Divorce in Vermont
Getting divorced in Vermont is a legally complex process. If you have minor children, are uncomfortable navigating the court system on your own, own significant property or have a lot of debt, or have difficulty communicating with your soon-to-be ex-spouse, considering hiring a divorce attorney to guide you through the process.
Five Things to Know When Getting Divorced in Vermont
Anyone getting divorced in Vermont should spend some time learning about the state's divorce laws and requirements. Here are five important things to know:
- Under Vermont divorce law, either you or your spouse must have lived in the state for at least six months prior to filing for divorce. Additionally, before your divorce is finalized, one of you must have been a state resident for at least a year.
- Your divorce case officially begins when either you or your spouse files divorce papers in the Vermont Family Court in the county in which one of you resides.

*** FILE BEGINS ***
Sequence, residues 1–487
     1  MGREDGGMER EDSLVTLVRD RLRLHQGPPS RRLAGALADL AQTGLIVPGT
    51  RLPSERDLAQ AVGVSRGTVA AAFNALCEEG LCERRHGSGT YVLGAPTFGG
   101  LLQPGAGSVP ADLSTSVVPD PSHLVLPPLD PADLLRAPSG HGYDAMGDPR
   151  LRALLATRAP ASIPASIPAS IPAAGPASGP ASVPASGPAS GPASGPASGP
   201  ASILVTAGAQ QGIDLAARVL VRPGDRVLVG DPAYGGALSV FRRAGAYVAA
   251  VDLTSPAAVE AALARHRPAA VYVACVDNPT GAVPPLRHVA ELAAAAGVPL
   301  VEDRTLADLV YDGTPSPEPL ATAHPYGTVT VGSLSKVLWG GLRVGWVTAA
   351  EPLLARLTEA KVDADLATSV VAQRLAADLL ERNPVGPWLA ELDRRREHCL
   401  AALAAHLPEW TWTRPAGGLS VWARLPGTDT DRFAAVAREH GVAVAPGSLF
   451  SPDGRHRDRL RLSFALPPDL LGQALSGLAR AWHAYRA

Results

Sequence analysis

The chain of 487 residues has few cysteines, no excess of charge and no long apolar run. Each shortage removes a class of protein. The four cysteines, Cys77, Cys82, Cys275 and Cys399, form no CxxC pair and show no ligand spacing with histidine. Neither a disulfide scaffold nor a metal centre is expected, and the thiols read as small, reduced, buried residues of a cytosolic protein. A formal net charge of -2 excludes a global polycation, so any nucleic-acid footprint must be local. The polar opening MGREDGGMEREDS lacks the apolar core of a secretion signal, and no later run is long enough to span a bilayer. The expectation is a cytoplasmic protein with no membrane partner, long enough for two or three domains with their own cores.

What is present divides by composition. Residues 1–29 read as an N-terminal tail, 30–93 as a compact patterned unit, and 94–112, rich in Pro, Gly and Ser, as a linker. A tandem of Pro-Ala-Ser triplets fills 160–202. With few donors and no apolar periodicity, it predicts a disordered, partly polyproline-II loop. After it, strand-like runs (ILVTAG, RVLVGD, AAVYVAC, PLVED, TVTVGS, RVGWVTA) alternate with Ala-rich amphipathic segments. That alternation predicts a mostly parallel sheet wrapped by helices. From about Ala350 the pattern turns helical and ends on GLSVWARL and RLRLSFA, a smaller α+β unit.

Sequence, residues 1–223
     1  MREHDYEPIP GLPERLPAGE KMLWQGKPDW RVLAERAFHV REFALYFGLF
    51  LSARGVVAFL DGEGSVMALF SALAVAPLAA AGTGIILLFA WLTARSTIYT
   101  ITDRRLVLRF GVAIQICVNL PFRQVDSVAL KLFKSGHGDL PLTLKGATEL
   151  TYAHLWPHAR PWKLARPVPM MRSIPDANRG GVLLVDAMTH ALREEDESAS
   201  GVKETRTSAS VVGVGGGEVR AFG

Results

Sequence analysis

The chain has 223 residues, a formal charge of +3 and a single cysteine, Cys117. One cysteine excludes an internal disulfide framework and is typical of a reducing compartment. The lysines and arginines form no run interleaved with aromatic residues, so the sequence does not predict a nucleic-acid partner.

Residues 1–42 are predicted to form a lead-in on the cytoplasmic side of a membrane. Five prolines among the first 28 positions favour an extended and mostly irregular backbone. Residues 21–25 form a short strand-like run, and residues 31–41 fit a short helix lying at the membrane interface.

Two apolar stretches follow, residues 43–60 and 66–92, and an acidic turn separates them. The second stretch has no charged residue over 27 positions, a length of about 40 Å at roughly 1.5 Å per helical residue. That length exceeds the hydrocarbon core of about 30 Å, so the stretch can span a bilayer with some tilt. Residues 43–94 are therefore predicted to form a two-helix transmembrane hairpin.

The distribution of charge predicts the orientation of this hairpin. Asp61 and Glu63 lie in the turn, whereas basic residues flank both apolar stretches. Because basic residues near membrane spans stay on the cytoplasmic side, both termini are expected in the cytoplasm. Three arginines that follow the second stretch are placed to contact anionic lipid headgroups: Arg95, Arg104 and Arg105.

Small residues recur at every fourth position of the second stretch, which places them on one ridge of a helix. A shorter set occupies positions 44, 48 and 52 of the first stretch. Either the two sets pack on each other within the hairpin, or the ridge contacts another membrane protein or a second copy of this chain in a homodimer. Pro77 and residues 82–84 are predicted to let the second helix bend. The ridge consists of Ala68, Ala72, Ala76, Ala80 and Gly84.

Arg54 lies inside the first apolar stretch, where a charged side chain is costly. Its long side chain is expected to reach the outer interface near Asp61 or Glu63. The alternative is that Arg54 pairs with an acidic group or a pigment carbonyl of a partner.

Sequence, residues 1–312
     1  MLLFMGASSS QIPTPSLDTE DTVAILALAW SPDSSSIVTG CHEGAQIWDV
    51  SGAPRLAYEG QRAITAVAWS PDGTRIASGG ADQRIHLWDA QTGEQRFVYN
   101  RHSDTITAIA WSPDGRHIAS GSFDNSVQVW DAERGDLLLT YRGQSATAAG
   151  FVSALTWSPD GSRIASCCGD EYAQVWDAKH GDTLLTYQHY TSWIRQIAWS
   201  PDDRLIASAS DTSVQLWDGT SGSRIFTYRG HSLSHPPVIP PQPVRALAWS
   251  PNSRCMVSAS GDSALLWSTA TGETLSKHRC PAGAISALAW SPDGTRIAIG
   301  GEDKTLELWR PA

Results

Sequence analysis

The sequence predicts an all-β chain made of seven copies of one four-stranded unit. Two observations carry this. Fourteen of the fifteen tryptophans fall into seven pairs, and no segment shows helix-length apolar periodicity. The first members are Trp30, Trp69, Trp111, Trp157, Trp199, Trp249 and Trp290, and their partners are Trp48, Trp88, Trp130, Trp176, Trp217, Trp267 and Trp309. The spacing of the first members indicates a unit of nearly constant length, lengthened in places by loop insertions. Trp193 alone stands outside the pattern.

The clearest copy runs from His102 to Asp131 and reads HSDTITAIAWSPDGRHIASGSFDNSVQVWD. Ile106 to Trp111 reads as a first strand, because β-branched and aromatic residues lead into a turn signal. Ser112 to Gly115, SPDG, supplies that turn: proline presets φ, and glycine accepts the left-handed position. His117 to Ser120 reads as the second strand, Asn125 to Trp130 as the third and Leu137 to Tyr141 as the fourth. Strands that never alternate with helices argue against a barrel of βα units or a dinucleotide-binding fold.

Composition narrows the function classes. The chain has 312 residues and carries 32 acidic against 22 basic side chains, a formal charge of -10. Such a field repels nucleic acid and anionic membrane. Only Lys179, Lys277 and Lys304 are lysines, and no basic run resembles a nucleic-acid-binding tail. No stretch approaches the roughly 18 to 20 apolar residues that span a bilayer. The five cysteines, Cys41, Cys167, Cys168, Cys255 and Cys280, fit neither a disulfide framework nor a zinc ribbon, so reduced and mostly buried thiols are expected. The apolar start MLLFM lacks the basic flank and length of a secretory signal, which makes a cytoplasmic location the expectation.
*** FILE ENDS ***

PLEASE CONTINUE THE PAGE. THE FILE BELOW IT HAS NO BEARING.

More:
- When filing for divorce, you will have to provide a reason (also known as "grounds") for your divorce. Vermont allows several acceptable grounds for divorce, including living apart for at least six months, adultery and imprisonment of one spouse for at least three years. Your divorce attorneys can explain the pros and cons of each option.
- In Vermont, marital property—which includes most property that you and your spouse own—will be divided "equitably," but not necessarily divded evenly in half.
- If you have minor children, the Family Court will also rule on issues related to child custody (known as "parental rights and responsibilities" in Vermont) and child support as part of your divorce case.
Find & Hire Local Vermont Divorce Attorneys
Do you need help finding divorce lawyers in your area? Attorneys.com can help you! Whether you live in Burlington, South Burlington, Rutland or elsewhere in the state, our free legal referral service can quickly connect you with local family law attorneys. Call us at 877-913-7222 or fill out the form on this page today.